INTERVIEW BY ROSA MANAUZZI
I believe that art plays an important role in challenging people to explore their world from a different angle.
Have you always pursued your career as an artist? What’s your background?
I am a registered architect who has always had an interest in sculpture. The foundation of my architecture practice is based upon the idea that these disciplines are interlinked and that the best projects are informed by architecture, art and design.
What’s your own set of guidelines and procedure when you do your work?
We try to produce work that is engaging and intriguing. We always begin with the site and by researching the local history and culture of the area and the people that live there. ‘Holding pattern’ was inspired by Atlanta’s prominence as a transport hub, connecting people and goods all around the world.
Holding Pattern (2016) was selected by the Jury of COMEL Award 2017 to receive a Special Mention. It is formed from 137 little planes cut from sheet aluminium and in 12 different sizes. The final shape is a vortex hung from the ceiling. The sculpture was installed as part of the 2016 Art on the Atlanta BeltLine event, the largest temporary art exhibition in the south of the United States.
How did you come up with this idea? What was your inspirational drive for this work?
The inspiration came from Atlanta’s Hartsfield Jackson Airport, which is the busiest passenger airport in the world. The sculpture celebrates the important role that transport has played in helping to make Atlanta the world-renowned city that it is today. A hub for rail and air transit, transportation has made an important contribution to Atlanta’s rich social, cultural and economic significance, both past and present. This network has not only disseminated goods, but also people, their cultures and their ideas for change and progress.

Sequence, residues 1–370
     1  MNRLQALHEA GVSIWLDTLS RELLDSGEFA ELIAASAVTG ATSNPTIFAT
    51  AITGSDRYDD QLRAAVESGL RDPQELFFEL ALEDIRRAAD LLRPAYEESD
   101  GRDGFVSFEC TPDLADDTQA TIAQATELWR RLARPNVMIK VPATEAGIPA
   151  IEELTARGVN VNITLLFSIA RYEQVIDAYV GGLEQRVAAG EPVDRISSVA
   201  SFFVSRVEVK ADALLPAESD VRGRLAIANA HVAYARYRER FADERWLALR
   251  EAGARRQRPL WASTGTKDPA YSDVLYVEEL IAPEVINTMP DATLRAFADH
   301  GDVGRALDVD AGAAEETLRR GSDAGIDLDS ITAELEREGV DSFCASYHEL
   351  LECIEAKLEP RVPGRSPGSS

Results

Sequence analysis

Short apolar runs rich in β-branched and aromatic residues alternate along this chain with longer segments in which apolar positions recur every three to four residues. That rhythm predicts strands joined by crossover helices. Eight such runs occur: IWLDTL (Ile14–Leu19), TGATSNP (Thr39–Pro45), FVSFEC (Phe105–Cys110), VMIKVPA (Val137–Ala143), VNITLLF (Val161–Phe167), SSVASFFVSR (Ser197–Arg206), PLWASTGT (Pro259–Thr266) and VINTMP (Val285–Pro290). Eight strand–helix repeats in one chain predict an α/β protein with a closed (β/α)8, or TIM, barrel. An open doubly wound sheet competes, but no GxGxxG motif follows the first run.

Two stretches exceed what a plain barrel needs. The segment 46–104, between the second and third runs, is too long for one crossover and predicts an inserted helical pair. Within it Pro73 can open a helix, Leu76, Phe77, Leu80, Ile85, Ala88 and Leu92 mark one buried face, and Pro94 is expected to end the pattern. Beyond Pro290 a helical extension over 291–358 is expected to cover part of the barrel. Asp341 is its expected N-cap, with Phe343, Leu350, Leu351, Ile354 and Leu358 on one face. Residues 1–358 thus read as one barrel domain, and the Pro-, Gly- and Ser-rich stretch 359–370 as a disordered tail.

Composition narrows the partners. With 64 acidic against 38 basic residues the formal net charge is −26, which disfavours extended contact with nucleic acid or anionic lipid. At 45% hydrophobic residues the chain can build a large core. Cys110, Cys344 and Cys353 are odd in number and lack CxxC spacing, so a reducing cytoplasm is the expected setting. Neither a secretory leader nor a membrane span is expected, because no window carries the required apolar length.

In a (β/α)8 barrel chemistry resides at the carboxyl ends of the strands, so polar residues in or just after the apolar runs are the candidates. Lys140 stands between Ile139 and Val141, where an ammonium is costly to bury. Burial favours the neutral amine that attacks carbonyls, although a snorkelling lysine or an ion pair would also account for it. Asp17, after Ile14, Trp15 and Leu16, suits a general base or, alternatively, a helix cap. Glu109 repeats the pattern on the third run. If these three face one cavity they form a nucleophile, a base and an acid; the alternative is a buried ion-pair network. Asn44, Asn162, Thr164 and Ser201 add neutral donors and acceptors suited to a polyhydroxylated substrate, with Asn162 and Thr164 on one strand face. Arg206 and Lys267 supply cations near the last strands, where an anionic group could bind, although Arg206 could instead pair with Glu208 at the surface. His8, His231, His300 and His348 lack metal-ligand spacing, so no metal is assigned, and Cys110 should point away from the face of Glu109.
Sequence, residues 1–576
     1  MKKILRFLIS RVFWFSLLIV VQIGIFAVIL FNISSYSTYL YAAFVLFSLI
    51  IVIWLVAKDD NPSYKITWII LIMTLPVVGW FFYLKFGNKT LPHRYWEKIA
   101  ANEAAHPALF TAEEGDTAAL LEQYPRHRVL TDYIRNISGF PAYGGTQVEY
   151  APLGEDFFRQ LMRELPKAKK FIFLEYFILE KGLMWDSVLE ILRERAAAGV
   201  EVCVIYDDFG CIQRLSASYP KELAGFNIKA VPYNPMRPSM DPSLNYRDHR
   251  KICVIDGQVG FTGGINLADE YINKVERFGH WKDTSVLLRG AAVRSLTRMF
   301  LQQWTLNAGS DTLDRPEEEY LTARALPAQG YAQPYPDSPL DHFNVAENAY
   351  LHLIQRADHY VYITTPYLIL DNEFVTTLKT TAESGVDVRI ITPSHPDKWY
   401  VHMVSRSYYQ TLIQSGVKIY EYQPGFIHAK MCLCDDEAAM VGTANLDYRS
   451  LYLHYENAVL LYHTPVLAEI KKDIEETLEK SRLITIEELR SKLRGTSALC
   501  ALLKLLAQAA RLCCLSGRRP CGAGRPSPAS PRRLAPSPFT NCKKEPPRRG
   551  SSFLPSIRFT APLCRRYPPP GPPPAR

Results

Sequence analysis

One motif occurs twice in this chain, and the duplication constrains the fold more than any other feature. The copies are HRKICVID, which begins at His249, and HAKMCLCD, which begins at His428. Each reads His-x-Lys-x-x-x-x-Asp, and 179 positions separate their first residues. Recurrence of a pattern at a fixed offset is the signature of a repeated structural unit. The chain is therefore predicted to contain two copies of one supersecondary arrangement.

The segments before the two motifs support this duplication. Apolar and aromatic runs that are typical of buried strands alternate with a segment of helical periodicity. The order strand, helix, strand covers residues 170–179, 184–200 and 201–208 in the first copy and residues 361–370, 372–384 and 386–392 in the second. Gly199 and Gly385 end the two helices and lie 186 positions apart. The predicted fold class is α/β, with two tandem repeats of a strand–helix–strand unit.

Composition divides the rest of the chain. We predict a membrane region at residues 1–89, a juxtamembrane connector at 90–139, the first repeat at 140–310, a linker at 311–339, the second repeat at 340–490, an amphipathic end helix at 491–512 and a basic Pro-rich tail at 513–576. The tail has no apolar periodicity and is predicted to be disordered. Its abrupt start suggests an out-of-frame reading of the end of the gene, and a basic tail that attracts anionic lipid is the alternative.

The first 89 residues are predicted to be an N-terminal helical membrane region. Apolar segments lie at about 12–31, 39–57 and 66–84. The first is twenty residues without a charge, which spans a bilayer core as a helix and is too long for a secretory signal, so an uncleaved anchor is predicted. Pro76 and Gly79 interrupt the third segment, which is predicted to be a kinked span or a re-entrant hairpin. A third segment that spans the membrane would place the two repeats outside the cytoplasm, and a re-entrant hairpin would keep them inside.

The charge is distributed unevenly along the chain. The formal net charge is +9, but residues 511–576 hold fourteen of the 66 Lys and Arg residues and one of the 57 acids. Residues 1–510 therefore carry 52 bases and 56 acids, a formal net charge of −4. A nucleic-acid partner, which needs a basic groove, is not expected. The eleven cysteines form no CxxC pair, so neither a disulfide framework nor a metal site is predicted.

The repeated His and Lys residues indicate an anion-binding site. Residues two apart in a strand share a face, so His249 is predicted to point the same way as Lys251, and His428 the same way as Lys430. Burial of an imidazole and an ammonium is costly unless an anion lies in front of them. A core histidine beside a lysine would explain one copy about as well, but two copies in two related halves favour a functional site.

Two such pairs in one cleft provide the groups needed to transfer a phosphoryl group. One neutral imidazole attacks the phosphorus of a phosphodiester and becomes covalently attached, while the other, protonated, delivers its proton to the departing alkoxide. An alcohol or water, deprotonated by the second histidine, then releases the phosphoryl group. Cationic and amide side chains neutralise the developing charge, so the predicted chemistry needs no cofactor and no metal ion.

In the presentation of your Studio – George King Architects – you’ve explained your team’s work is ‘designed to initiate an emotional response, to stop people in their tracks and to break the monotony of the everyday.’ You aim at provoking feelings and a positive impact. What’s the most important common goal you share with your team’s artists and what’s the artist’s responsibility in society?
Our ultimate goal is to produce work that makes people think differently about the space they are in, the places that they live, work or visit and the objects, structures and buildings that they interact with on a daily basis. We try to provoke a sense of wonder or mystery and show how thoughtful design can transform something ordinary such as a bench or a motorway underpass into something extraordinary.
You were senior architect at Zaha Hadid Architects where you worked on the London 2012 Olympic Aquatic Centre, FIFA 2022 Qatar World Cup stadium, Central Bank of Iraq and Oxford University Middle East Centre. What do you think of Zaha Hadid’s genius and how much has it influenced you?